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JETRO Launches Crowdfunding for Japanese Anime

Five Japanese animation studios begin Kickstarter campaigns to fund their anime film or series productions.

The Japan External Trade Organization (JETRO) has launched a project to support crowdfunding for anime production, whereby five Japanese animation studios have begun Kickstarter campaigns where backers can make pledges through February 13, 2023.  According to the Association of Japanese Animations, overseas market of Japanese animation reached around 10 billion USD (1trillion 313 billion Yen), having expanded by more than 7.6 billion USD (1 trillion yen) in 10 years.

“Through crowdfunding on Kickstarter, we aim to raise support for each anime studio's production and thereby create a fan community for Japanese anime. Calling all Anime Fans!” stated JETRO.

The five projects are as follows:

STUDIO4℃ - Future Kid Takara

STUDIO4℃, founded in 1986, strives to produce highly unique and genre-bending work. The studio's first major film was 1995's Memories. Other award-winning films from the studio include The Animatrix (2003); Mind Game (2004); Tekkonkinkreet (2006); Genius Party (2007); Children of the Sea (2019); Poupelle of Chimney Town (2020); and Fortune Favors Lady Nikuko (2021).

The studio envisions its new project as a Japanese CGI animation film called Future Kid Takara (tentative title), a rip-roaring, time-traveling adventure aimed at both families and adults.

Public Arts - Hana, The Last Diviner

Hana, the Last Diviner will follow the story of Hana, a young “onmyoji” living at the end of the Edo Period (during the 1860’s), a time of turmoil in Japan, as the feudal shogunate government was losing its authority as opponents fought for reinstatement of Imperial rule. In old Japan, onmyoji were a special class of diviners who worked for the Emperor and possessed magical powers to ward off evil spirits.  Not only does Hana manage to master the many obstacles standing in her way of becoming an onmyoji, but she earns the respect of the Emperor along with the common people, and becomes a very powerful onmyoji. The series will contain action, magic, drama, and will take place in a historically accurate 1800’s Kyoto, as creator Hiroki Taniguchi studied with a professor of history at Kyoto Women’s University as he wrote the script.


Picona, founded by Ken Yoshida in 2009, specializes in a toon-style form of 3DCG animation, known as “cell-look 3DCG” in Japan. The studio’s latest project, the children’s series Samurai Pirates, follows a girl named Enne, a popular singer on the island of Takarajima. Through a strange turn of events, Enne receives a pirate eyepatch bestowed with magical powers from a spirit called an “ometsuke” who entrusts her with the mission of purifying the hearts of people who have been transformed into evil beings called “oni.” Enne sets out on this quest together with four of her friends, forming a group called the “Samurai Pirates.”​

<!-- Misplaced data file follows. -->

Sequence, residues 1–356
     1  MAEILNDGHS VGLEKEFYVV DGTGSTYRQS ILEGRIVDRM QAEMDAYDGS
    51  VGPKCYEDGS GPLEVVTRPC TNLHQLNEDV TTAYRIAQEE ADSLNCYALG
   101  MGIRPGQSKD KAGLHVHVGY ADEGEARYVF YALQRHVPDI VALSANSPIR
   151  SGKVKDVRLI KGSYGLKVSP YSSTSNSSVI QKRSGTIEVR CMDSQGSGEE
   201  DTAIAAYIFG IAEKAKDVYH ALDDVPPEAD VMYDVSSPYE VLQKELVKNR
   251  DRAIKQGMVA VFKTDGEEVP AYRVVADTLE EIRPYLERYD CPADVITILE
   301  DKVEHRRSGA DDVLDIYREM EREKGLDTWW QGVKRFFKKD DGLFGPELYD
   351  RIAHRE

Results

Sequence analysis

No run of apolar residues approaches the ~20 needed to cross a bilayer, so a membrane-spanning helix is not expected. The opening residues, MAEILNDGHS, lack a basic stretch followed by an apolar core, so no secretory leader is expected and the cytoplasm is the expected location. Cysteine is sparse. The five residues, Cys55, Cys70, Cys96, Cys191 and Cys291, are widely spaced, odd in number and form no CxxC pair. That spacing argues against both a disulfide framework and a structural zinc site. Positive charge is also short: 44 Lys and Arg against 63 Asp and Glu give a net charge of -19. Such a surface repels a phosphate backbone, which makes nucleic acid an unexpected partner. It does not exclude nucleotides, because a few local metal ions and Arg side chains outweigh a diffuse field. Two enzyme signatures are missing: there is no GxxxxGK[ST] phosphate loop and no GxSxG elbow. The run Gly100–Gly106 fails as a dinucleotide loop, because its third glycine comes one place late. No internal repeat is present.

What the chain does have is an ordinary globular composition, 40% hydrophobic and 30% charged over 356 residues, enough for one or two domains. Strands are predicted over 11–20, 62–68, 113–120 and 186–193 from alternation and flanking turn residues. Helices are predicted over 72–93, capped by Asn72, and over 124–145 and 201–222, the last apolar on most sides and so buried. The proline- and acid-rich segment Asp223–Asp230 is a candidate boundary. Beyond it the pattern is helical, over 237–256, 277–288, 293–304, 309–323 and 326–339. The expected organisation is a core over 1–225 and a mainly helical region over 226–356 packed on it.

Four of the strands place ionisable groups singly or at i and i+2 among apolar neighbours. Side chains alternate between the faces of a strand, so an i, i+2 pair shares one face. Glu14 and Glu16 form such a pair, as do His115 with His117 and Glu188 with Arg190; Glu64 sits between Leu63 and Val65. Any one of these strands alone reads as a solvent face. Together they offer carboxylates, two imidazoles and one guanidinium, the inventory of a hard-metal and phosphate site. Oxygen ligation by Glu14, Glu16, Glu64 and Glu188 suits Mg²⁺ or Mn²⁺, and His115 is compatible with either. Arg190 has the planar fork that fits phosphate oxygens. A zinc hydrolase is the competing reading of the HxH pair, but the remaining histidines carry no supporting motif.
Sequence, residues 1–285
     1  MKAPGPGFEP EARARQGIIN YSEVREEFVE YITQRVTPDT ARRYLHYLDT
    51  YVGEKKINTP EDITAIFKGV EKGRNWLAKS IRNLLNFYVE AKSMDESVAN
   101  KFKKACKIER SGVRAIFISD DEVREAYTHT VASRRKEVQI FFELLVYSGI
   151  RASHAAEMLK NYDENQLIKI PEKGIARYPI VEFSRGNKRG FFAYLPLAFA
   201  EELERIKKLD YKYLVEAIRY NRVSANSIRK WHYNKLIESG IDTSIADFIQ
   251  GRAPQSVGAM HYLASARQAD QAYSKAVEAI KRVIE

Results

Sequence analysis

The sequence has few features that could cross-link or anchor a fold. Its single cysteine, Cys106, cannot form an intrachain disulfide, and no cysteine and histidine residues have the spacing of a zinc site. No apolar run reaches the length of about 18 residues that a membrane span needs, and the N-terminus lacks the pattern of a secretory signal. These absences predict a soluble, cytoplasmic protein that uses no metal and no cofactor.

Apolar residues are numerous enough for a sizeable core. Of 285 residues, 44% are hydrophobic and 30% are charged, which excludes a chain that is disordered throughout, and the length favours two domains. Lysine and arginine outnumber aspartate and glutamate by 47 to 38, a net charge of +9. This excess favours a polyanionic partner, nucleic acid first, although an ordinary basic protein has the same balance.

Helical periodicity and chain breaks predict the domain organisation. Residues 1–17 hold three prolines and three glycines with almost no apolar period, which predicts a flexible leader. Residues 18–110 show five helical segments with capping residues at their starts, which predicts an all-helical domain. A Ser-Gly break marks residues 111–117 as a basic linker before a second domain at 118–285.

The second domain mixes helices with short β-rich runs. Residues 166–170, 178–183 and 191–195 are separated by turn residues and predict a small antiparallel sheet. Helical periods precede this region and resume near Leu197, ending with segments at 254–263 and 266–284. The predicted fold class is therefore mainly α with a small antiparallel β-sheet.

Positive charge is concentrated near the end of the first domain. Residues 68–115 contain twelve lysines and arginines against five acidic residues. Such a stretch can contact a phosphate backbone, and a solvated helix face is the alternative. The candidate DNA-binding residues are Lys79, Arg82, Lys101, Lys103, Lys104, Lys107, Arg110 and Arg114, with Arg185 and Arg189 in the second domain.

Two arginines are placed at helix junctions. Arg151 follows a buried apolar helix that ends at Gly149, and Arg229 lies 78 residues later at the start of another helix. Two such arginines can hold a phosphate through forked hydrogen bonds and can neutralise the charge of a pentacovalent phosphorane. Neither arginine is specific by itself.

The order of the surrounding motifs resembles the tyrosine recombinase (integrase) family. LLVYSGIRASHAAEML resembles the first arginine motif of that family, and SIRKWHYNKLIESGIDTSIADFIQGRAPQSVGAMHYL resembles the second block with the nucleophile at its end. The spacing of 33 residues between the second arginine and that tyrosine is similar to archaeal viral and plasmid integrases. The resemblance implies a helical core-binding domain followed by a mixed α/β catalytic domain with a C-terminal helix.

Instead of fighting with weapons, the Samurai Pirates use song and dance to purify the hearts of the oni they confront along their journey. Creative producer Yoshida came up with the concept after finding very few anime shows written specifically for young children, and even fewer that did not contain violence. As a father to a young child himself, he hopes that Samurai Pirates will teach lessons of positivity and self-confidence for young kids.

Gorilla - The Top Loft!

Noko Yukawa, CEO of animation studio Gorilla, has gained an intuitive sense of what makes an outstanding story for young kids through her many years’ experience in making children’s anime.  Yukawa’s new project aims to produce a “moving picture book” from a collection of 26 stories, each of which is roughly 5-7 minutes long. The story will follow the adventures of three young children who accidentally wander into a mysterious universe filled with friendly “kaiju” (monsters). The main characters Tatta, Tette and Totto each have unique and realistic personalities, flaws and all, so children watching the show can naturally relate to and feel an affinity towards their favorite character. Although the story takes place in a fantasy world, the challenges that the children solve on each episode are based on real-life scenarios that will teach young viewers important and relatable life lessons.

Ekura Animal - Heike Monogatari Emaki

Ekura Animal started in 1982 under the name Animalya with the mission of bringing heartwarming animation to children. The studio has collaborated on many famous series including Doreamon, Lupin the Third, Batman, The Powerpuff Girls, and Crayon Shin-chan, as well as produced numerous original works including Kappa no Suribachi, Sakura and Sakurin, Kuru Kurumi Chan, and Like the Wind.

For Heike Monogatari Emaki, Ekura Animal wants to try something completely different, moving away from children’s animation. Instead, the studio, in collaboration with an artist who makes intricate papercut artwork, will create a new style of animation that follows the true story of the rise and fall of the Heike Clan. Adding animations and movement to the original paper cuttings and incorporating music and voice acting, the unique animation style brings the story to life in a captivating and artistic way. The story deals with battles and death, and Ekura Animal hopes that it will prompt viewers to contemplate the fleeting time that we have on this earth.

Source: The Japan External Trade Organization

Whitney Whitener's picture

Whitney is a freelance writer focusing on VFX-driven fantasy film & TV as well as preschool animation.